President Donald Trump has threatened to withdraw the US from the World Trade Organization (WTO) if the body fails to change the way it treats America.
“If they don’t shape up, I would withdraw from the WTO,” Mr Trump said in an interview with Bloomberg News.
The WTO was established to provide rules for global trade and resolve disputes between countries.
But Mr Trump, who has been pushing protectionist policies, says the US is treated unfairly by the body.
He said on Thursday that the 1994 agreement to establish the WTO “was the single worst trade deal ever made”, though he acknowledged that the US had won some judgments in the past year.
His warning about a possible US pull-out from the organisation highlights the conflict between the president’s trade policies and the open trade system that the WTO oversees.
Meanwhile, Washington has recently been blocking the election of new judges to the WTO’s dispute settlement system, which could potentially paralyse its ability to issue judgments.
US Trade Representative Robert Lighthizer has also accused the WTO of interfering with US sovereignty.
What’s Trump’s beef with the WTO?
The US president has been sounding off about unfair trade since even before he became president.
Last year, Mr Trump told Fox News: “The WTO was set up to benefit everybody but us… We lose the lawsuits, almost all of the lawsuits in the WTO.”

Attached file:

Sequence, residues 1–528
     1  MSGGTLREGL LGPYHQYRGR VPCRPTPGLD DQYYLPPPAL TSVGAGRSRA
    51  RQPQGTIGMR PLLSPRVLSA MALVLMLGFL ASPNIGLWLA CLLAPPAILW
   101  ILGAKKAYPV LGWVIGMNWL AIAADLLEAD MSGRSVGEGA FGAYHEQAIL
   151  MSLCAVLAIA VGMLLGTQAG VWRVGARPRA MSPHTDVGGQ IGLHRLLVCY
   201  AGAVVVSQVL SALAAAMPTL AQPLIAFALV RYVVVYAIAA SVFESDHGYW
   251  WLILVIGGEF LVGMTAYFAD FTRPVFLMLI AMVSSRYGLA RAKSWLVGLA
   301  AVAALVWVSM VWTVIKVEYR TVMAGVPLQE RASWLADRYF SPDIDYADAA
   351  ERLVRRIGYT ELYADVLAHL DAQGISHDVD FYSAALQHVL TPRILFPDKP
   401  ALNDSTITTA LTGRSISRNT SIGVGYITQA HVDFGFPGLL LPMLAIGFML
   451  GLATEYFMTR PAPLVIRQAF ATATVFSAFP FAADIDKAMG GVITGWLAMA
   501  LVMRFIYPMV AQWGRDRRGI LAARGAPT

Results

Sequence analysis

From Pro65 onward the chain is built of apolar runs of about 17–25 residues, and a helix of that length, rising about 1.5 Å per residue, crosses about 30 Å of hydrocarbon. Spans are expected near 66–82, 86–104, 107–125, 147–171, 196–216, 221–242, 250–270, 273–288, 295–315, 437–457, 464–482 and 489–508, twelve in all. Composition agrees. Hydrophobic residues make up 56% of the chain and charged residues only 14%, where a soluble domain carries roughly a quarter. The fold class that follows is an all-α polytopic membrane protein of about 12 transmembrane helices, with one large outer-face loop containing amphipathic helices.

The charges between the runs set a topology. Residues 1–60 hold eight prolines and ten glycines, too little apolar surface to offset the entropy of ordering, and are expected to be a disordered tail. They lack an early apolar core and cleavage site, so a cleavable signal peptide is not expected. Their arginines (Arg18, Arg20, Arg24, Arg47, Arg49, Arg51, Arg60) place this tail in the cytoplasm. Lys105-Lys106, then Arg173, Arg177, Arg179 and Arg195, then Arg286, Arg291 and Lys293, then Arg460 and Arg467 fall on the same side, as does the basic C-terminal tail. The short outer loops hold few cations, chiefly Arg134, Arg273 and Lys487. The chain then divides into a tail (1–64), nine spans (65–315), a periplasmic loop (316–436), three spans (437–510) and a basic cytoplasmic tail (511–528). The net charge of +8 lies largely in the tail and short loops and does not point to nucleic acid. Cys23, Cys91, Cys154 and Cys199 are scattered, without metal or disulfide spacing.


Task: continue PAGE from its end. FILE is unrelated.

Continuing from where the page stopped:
The US has been embroiled in a tit-for-tat trade battle on several fronts in recent months.
The one creating the most interest is the one with China, as the world’s two largest economies wrangle for global influence.
Mr Trump has introduced tariffs on a number of goods imported into the US.
A third round of tariffs on $200bn (£154bn) of Chinese goods could come as soon as a public-comment period concludes next week, according to a Bloomberg report citing various sources.
Asked to confirm this during the Bloomberg interview, President Trump said that it was “not totally wrong”.
China has responded to US tariffs by imposing retaliatory taxes on the same value of US products and has filed complaints against the tariffs at the WTO.
China’s commerce ministry has said it “clearly suspects” the US of violating WTO rules.
An initial complaint at the WTO was filed by China in July after Mr Trump imposed his first round of tariffs.
The WTO is at the heart of the system of rules for international trade.
It is the forum for sorting disputes between countries about breaches of global trade rules and it is the forum for negotiating new trade liberalisation.
Has Trump made threats about other agreements?
Yes. On Monday Mr Trump announced that the US and Mexico had agreed to revamp the North American Free Trade Agreement (Nafta), calling it a “really good deal” that was “much more fair” for both countries.
He had previously threatened to pull out of the deal, triggering a year of talks, and demanded a renegotiation of the 1994 agreement – which he blames for a decline in US manufacturing jobs, especially in the car industry.
Canada, the third member of Nafta, is yet to agree to the new terms.
On Thursday, Mr Lighthizer held talks in Washington with Canadian Foreign Minister Chrystia Freeland aimed at reaching a new deal.
Following four separate meetings, which continued late into the night, Ms Freeland told reporters that a deal could not be reached, adding that talks would resume on Friday.
Mr Trump has set Friday as the deadline for Canada to sign an agreement, and has threatened to tax the country’s automotive sector or cut it out entirely.